Christoph Reinhart, a building scientist and Associate Professor of Architecture at Massachusetts Institute of Technology, and who reviewed the tool in 2015, shares this view. In his opinion, the trouble starts for cities because municipal governments don’t own all of the buildings in their jurisdiction, and therefore rely on policies to encourage people to reduce emissions.
“Political aspirations are a good thing, and if you go to major cities like New York, Boston and London everyone is looking at how to reduce their carbon emissions in a substantial way. But most cities have a hard time because they don’t actually know how they are going to achieve their targets,” Reinhart says.
Prior to inviting Siemens to the city, this was the case for Aarhus. Plans had always been approached in a traditional way, with experts conducting independent research before asking workers in the municipality for their recommendations. According to Müller, much of this work was done in silos.
However, this time an intensive dialogue took place between Siemens and the energy, transport and facilities management departments. Once all appropriate technologies, costs, and impacts had been outlined, it was then up to local leaders to decide the next steps and which groups they wanted to engage.
With 48,000 people under the age of 18, Aarhus was keen to engage with its youth council. Thee council consists of 31 members–the same number represented by the adult council. Members are aged 13 to 17 and must take part in a competitive election process before being appointed, a er which they are typically consulted on a range of issues.
“Youth are major stakeholders because they have to live in the carbon neutral city we are creating but we found it hard to get them to understand our work,” explains Müller. “So, we played a card game developed by Siemens to complement City Performance Tool data and help the council process the interconnected nature of the issue. When they saw this they were able to formulate specific recommendations.”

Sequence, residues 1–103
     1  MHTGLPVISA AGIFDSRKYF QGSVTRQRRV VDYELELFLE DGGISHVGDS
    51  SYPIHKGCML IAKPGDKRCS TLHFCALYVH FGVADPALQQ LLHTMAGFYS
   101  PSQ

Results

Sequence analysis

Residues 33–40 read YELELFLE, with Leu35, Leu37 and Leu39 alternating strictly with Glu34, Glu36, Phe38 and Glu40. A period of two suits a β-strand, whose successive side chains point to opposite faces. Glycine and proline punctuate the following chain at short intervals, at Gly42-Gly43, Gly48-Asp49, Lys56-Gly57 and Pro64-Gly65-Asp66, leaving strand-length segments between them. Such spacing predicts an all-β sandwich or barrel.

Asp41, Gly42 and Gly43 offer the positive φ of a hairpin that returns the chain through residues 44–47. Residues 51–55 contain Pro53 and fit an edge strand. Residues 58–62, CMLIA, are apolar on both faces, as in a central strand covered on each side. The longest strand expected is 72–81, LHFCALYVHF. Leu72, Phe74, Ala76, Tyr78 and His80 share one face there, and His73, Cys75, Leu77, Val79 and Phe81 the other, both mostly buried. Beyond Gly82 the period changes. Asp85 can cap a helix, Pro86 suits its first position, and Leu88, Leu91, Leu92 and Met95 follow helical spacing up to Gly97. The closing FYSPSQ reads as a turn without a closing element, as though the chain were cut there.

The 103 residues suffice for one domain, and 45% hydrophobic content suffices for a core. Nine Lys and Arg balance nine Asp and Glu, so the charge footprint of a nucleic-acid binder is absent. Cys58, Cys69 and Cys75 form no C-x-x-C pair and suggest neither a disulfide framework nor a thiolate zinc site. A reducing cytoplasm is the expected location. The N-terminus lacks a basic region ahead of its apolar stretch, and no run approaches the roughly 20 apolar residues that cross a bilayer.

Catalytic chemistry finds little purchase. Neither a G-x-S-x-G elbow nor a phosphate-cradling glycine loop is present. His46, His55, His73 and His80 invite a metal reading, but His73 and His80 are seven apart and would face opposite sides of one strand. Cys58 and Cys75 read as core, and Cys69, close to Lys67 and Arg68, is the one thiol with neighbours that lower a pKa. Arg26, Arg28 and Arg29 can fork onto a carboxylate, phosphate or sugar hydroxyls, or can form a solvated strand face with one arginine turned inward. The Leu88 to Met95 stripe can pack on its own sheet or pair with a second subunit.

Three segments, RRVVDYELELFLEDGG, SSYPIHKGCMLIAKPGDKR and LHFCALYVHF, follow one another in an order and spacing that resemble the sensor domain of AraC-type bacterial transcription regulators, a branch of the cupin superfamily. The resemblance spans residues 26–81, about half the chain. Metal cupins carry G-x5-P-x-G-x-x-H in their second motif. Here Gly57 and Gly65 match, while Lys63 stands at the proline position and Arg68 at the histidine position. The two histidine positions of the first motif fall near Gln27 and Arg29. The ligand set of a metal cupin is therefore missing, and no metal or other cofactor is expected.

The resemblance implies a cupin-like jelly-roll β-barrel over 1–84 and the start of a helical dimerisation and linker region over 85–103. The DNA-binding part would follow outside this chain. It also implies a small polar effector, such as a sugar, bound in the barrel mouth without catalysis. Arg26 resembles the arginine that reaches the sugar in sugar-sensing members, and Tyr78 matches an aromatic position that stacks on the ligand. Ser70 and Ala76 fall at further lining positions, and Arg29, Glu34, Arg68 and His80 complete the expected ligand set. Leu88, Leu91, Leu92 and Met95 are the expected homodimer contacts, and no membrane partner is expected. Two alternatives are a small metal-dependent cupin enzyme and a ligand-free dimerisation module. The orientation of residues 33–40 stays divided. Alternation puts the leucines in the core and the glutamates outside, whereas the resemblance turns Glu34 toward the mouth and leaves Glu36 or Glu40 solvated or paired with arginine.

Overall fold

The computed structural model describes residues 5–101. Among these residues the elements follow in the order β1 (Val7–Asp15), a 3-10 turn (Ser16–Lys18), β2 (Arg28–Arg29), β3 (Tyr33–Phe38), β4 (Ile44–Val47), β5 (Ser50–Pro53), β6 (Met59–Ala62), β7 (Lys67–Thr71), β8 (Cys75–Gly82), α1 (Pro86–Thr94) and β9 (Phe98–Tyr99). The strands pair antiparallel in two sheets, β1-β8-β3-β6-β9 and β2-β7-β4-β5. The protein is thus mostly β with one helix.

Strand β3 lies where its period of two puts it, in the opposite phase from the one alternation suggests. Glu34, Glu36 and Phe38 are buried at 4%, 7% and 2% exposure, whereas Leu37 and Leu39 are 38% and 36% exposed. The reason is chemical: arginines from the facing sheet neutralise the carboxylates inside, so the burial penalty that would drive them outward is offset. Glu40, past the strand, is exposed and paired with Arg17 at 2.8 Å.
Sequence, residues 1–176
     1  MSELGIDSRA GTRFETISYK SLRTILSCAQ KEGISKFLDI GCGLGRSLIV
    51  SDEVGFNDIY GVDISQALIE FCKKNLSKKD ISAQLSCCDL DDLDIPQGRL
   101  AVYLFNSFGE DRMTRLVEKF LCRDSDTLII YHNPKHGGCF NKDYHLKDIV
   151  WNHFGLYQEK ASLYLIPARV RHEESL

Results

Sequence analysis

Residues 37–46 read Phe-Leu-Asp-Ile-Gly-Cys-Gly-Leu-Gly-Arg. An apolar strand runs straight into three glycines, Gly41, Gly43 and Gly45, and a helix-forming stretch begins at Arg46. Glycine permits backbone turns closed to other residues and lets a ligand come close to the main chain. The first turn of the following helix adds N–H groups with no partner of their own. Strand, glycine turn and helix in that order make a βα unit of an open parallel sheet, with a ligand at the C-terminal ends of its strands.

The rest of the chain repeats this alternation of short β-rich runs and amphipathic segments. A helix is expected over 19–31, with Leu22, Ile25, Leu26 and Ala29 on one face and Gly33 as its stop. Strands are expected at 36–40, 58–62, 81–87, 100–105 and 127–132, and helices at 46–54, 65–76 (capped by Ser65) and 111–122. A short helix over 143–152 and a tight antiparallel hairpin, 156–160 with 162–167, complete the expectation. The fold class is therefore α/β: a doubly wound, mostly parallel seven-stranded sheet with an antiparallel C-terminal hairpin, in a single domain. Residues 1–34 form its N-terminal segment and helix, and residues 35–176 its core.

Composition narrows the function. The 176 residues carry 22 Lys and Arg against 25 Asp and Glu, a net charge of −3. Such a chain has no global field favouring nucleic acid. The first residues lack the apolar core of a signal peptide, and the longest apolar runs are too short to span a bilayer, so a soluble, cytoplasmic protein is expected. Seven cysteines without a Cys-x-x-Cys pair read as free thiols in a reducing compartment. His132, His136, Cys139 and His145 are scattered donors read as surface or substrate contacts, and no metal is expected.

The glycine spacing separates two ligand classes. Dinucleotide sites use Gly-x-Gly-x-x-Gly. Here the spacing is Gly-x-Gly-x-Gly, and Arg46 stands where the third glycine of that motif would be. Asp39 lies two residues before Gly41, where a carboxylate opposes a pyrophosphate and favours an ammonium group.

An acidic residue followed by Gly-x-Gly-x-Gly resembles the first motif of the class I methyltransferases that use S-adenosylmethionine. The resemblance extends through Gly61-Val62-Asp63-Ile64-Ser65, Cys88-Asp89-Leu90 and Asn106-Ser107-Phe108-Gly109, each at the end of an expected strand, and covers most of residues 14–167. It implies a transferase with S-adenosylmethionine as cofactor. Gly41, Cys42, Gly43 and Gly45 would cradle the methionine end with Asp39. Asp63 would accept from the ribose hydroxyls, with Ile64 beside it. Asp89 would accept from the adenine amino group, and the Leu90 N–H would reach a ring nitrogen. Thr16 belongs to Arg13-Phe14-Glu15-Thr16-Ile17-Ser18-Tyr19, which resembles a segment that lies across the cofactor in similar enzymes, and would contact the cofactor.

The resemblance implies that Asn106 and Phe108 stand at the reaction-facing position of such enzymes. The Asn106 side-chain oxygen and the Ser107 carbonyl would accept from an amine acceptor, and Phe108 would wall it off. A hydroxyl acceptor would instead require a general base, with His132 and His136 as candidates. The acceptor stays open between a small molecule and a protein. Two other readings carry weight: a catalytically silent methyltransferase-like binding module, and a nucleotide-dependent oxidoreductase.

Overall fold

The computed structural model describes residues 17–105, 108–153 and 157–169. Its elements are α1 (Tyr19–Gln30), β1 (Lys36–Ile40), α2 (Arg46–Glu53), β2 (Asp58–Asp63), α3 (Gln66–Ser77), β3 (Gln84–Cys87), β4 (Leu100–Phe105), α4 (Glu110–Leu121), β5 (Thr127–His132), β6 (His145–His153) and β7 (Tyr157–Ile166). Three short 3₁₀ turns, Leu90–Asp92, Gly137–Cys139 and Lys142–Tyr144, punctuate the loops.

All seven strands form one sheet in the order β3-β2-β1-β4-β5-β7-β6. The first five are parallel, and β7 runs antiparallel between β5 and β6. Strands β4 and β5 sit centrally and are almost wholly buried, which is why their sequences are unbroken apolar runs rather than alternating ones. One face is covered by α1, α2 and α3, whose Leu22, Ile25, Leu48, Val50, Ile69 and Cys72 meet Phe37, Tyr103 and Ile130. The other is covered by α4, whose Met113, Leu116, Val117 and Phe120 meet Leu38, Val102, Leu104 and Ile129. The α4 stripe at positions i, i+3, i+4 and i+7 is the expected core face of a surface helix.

“That wouldn’t have been possible without the City Performance Tool and the card game,” he added.
Young people were not the only group to benefit from the insights provided by the interactive tool and card game. Around 300 groups representing private sector, non-governmental organisations, academia, and residents were invited to take part in workshops aimed at sharing information about the challenges they each faced. Groups gained a far better grasp of the importance of collective action.
Inputs from workshops have enabled Aarhus to provide context to the data within the City Performance Tool, while reflecting the best recommendations from across the city in its new carbon emissions plan.
Having achieved a similar level of success in helping Vienna, Copenhagen, Seoul, Shenzhen, and London navigate their journey towards sustainability, Siemens plans to launch an online version of the City Performance Tool next year. The self- service application will be accessible to all cities and will allow users to choose and analyse the impact of between 30 and 40 technologies on a typical city.
A brand new City Performance Tool dedicated to air quality is also being finalised and will be available from January 2017, following new EU regulations and on going air pollution challenges.